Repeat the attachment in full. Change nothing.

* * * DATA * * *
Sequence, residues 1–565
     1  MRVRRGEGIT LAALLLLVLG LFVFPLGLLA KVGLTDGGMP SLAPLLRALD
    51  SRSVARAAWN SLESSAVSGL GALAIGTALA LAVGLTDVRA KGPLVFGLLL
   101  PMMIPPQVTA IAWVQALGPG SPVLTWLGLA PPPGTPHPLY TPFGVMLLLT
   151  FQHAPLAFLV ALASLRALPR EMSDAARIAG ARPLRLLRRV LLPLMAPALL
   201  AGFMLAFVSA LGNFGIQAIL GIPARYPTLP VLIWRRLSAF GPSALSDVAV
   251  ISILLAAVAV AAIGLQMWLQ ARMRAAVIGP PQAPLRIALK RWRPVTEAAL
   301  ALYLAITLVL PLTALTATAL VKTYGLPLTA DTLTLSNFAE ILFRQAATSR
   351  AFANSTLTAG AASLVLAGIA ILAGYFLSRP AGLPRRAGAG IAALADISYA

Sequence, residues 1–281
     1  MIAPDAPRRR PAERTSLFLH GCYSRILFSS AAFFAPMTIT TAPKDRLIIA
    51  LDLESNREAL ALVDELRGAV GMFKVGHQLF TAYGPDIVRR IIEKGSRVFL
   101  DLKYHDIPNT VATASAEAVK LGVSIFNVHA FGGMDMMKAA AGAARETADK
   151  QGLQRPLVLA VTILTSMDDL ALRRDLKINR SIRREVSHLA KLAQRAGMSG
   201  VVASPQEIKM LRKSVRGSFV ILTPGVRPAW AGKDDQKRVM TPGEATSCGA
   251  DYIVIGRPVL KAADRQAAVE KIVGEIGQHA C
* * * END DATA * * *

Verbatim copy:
Sequence, residues 1–565
     1  MRVRRGEGIT LAALLLLVLG LFVFPLGLLA KVGLTDGGMP SLAPLLRALD
    51  SRSVARAAWN SLESSAVSGL GALAIGTALA LAVGLTDVRA KGPLVFGLLL
   101  PMMIPPQVTA IAWVQALGPG SPVLTWLGLA PPPGTPHPLY TPFGVMLLLT
   151  FQHAPLAFLV ALASLRALPR EMSDAARIAG ARPLRLLRRV LLPLMAPALL
   201  AGFMLAFVSA LGNFGIQAIL GIPARYPTLP VLIWRRLSAF GPSALSDVAV
   251  ISILLAAVAV AAIGLQMWLQ ARMRAAVIGP PQAPLRIALK RWRPVTEAAL
   301  ALYLAITLVL PLTALTATAL VKTYGLPLTA DTLTLSNFAE ILFRQAATSR
   351  AFANSTLTAG AASLVLAGIA ILAGYFLSRP AGLPRRAGAG IAALADISYA

Sequence, residues 1–281
     1  MIAPDAPRRR PAERTSLFLH GCYSRILFSS AAFFAPMTIT TAPKDRLIIA
    51  LDLESNREAL ALVDELRGAV GMFKVGHQLF TAYGPDIVRR IIEKGSRVFL
   101  DLKYHDIPNT VATASAEAVK LGVSIFNVHA FGGMDMMKAA AGAARETADK
   151  QGLQRPLVLA VTILTSMDDL ALRRDLKINR SIRREVSHLA KLAQRAGMSG
   201  VVASPQEIKM LRKSVRGSFV ILTPGVRPAW AGKDDQKRVM TPGEATSCGA
   251  DYIVIGRPVL KAADRQAAVE KIVGEIGQHA C